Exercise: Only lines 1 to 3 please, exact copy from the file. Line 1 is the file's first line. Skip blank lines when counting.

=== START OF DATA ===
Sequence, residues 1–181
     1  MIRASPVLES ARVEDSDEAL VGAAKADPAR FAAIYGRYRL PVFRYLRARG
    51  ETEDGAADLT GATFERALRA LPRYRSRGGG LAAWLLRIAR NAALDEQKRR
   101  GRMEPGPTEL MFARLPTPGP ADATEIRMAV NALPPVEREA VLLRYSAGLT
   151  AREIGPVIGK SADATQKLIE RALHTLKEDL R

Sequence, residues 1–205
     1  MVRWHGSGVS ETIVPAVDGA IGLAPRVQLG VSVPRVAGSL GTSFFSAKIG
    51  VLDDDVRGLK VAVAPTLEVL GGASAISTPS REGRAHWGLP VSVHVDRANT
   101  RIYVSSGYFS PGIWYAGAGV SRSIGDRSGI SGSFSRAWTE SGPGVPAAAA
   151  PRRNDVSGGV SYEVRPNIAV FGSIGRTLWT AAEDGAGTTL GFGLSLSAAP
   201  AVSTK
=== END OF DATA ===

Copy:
Sequence, residues 1–181
     1  MIRASPVLES ARVEDSDEAL VGAAKADPAR FAAIYGRYRL PVFRYLRARG
    51  ETEDGAADLT GATFERALRA LPRYRSRGGG LAAWLLRIAR NAALDEQKRR